In addition to a deeper overlay on the 6,000-foot-long runway, the Elizabethtown Regional Airport at Addington Field is making improvements to its lighting system and its weather service program, said Joe Yates, chairman of the Elizabethtown Airport Board.
Elizabethtown City Council got an intimate look at the changes at the airport during its work session, in which the board and its consultant, Luke Schmidt, updated city officials on an aggressive plan to attract a major airline by the end of the year.
Since revealing its pursuit of a commuter airline service with a connection to a major hub, the airport has rebranded itself and launched millions in upgrades to meet state and federal aviation guidelines, Schmidt said. The airport also is in the process of moving its certification from a general aviation airport to a commercial airport, Yates added.
Schmidt said the airport started dialogs with seven major airlines, but airline mergers, bankruptcies, the economy and rising fuel costs stalled talks in many cases.
One major airline is showing increased interest in expanding to Elizabethtown, though, and hopes are a deal will be finalized by the end of 2011 if not sooner, Schmidt said. The airline could not be revealed for confidentiality purposes.
If a deal is struck, Yates said the airport would approach the Kentucky Department of Aviation and the governor’s office for a state grant to build a passenger terminal, which is expected to cost $3.5 to $4 million and is required to be in place before the airline service can launch. The board wants to launch the service within the next year.
Yates said the airport also will have to provide money upfront for the airline, either by raising $2 million through a travel bank or offering a $2 million guarantee.
Schmidt and Yates said the travel bank is preferred and could be obtained by approaching local businesses to purchase subscriptions to the service. Schmidt said the minimum subscription would be $1,000 and would increase for businesses that travel frequently. As an incentive to subscribe to the service, businesses would have subscription fees reimbursed in full if they utilize the service. Flight costs would be reimbursed upon proof of travel until the amount of the subscription is fully repaid, he added.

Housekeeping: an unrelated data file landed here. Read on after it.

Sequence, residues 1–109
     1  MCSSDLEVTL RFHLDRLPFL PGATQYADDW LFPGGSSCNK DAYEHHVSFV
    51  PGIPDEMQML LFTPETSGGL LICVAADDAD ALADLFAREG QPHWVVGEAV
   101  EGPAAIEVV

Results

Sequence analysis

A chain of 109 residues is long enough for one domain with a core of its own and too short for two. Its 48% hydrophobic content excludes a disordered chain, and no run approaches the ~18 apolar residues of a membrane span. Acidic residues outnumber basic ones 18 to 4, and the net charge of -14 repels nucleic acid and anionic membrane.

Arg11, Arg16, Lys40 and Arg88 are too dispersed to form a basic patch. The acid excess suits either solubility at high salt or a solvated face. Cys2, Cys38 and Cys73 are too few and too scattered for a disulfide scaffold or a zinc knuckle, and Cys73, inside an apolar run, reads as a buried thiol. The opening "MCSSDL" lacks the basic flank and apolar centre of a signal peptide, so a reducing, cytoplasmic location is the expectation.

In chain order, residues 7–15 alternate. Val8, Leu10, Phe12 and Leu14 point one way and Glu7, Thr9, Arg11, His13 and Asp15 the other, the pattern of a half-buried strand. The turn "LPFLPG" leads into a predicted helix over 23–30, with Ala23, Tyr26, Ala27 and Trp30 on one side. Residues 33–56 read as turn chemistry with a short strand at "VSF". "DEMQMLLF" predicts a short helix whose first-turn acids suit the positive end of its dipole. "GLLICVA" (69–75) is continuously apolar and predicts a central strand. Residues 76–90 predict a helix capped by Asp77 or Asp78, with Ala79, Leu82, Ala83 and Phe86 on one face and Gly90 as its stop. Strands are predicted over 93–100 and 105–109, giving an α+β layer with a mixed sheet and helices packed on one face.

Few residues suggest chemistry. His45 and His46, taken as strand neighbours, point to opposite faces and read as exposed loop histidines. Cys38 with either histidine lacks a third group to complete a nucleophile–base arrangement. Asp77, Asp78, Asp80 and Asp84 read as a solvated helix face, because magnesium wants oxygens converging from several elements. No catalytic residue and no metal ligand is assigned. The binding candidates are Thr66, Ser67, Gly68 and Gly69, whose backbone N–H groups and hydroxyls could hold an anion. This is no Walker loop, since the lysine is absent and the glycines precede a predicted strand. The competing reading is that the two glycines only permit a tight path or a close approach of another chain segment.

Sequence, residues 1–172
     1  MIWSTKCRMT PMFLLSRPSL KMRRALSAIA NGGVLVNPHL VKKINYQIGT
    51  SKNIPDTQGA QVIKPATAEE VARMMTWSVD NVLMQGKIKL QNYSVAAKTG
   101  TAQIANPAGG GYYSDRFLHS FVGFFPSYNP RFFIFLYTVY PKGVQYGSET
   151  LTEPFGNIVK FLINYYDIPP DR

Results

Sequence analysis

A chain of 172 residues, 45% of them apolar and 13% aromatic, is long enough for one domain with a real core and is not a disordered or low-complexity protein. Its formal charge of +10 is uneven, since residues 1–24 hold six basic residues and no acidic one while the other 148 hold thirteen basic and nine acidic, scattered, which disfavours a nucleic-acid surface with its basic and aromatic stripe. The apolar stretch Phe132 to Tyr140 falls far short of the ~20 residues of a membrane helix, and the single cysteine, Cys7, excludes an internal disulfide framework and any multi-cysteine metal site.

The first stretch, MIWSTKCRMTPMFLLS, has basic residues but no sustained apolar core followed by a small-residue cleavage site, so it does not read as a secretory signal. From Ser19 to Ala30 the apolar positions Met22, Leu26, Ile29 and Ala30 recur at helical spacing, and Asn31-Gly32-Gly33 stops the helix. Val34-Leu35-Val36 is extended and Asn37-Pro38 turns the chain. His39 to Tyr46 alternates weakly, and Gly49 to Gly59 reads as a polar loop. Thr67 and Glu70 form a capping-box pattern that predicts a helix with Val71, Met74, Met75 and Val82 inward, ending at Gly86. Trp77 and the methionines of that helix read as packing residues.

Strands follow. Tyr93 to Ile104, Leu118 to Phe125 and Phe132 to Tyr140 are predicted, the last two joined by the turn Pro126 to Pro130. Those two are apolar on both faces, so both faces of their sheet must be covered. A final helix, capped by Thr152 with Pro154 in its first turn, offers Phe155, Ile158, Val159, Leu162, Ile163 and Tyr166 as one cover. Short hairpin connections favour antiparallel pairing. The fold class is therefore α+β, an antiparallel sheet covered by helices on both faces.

“It’s not a donation,” Schmidt said.
The travel bank creates built-in business for the service because most businesses will want to get their money back if they purchase a subscription, he added.
Schmidt said the airline appears to prefer the travel bank method, too, but the guarantee would be needed if the airline rejects the concept. Schmidt said a guaranteed amount was raised for an airline service in Manhattan, Kan., to shore up shortfalls in its first few months of service, when it started turning a profit. The airline has since added several flights to Dallas Fort Worth and Chicago. Schmidt said the work in Kansas to promote the airport, which is located near Fort Riley, is an indicator smaller military markets can be successful.
And the local airport can be even more successful because Fort Knox is larger and the air service market in Elizabethtown dwarfs the market in Manhattan, Schmidt added.
The service would be geared toward military and business flights, Schmidt said, and he projected Fort Knox would have more than 100,000 air trips for trainees in 2012. Flying out of Elizabethtown would be easier and more affordable for the post, he added.
“We’re real confident” it will be successful, Schmidt said.
Marty Finley can be reached at (270) 505-1762 or firstname.lastname@example.org.